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The Disordered Cosmos
From a star theoretical physicist, a journey into the world of particle physics and the cosmos—and a call for a more liberatory practice of science.
Winner of the 2021 Los Angeles Times Book Prize in Science & Technology
Winner of the 2022 Phi Beta Kappa Book Award in Science
Winner of the 2022 PEN Oakland Josephine Miles Award
A Finalist for the 2022 PEN/E.O. Wilson Literary Science Writing Award
A Smithsonian Magazine Best Science Book of 2021
A Symmetry Magazine Top 10 Physics Book of 2021
An Entropy Magazine Best Nonfiction Book of 2020-2021
A Publishers Weekly Best Nonfiction Book of the Year
A Kirkus Reviews Best Nonfiction Book of 2021
A Booklist Top 10 Sci-Tech Book of the Year
In The Disordered Cosmos, Dr. Chanda Prescod-Weinstein shares her love for physics, from the Standard Model of Particle Physics and what lies beyond it, to the physics of melanin in skin, to the latest theories of dark matter—along with a perspective informed by history, politics, and the wisdom of Star Trek.
One of the leading physicists of her generation, Dr. Chanda Prescod-Weinstein is also one of fewer than one hundred Black American women to earn a PhD from a department of physics. Her vision of the cosmos is vibrant, buoyantly nontraditional, and grounded in Black and queer feminist lineages.
Dr. Prescod-Weinstein urges us to recognize how science, like most fields, is rife with racism, misogyny, and other forms of oppression. She lays out a bold new approach to science and society, beginning with the belief that we all have a fundamental right to know and love the night sky. The Disordered Cosmos dreams into existence a world that allows everyone to experience and understand the wonders of the universe.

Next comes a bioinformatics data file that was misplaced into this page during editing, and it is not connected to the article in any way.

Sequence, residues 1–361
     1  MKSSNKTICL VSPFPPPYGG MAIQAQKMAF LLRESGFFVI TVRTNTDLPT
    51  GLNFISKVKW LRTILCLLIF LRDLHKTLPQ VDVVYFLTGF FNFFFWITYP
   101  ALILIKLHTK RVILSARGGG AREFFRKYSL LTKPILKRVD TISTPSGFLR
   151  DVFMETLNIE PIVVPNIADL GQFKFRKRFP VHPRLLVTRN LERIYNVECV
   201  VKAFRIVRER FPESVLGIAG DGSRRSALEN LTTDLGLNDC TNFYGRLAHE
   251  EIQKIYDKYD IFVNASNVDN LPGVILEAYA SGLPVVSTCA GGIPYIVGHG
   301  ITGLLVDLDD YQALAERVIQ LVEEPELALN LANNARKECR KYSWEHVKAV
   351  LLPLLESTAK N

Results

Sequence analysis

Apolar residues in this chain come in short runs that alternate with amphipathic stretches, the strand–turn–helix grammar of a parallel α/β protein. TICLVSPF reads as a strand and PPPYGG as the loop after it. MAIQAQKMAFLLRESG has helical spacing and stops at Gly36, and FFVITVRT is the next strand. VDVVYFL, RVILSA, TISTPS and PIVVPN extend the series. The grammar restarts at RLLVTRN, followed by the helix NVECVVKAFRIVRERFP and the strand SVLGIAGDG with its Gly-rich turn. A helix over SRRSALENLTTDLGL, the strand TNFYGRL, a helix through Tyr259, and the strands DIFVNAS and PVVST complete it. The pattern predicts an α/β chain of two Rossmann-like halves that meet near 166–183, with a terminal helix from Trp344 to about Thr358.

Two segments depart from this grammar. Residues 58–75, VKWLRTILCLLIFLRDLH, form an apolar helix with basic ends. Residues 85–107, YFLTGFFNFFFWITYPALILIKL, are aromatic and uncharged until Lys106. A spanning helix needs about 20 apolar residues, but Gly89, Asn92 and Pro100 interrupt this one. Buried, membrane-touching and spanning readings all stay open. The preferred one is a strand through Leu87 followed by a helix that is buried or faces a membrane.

Work Won't Love You Back
You're told that if you "do what you love, you'll never work a day in your life." Whether it's working for "exposure" and "experience," or enduring poor treatment in the name of "being part of the family," all employees are pushed to make sacrifices for the privilege of being able to do what we love.
In Work Won't Love You Back, Sarah Jaffe, a preeminent voice on labor, inequality, and social movements, examines this "labor of love" myth—the idea that certain work is not really work, and therefore should be done out of passion instead of pay. Told through the lives and experiences of workers in various industries—from the unpaid intern, to the overworked teacher, to the nonprofit worker and even the professional athlete—Jaffe reveals how all of us have been tricked into buying into a new tyranny of work.
As Jaffe argues, understanding the trap of the labor of love will empower us to work less and demand what our work is worth. And once freed from those binds, we can finally figure out what actually gives us joy, pleasure, and satisfaction.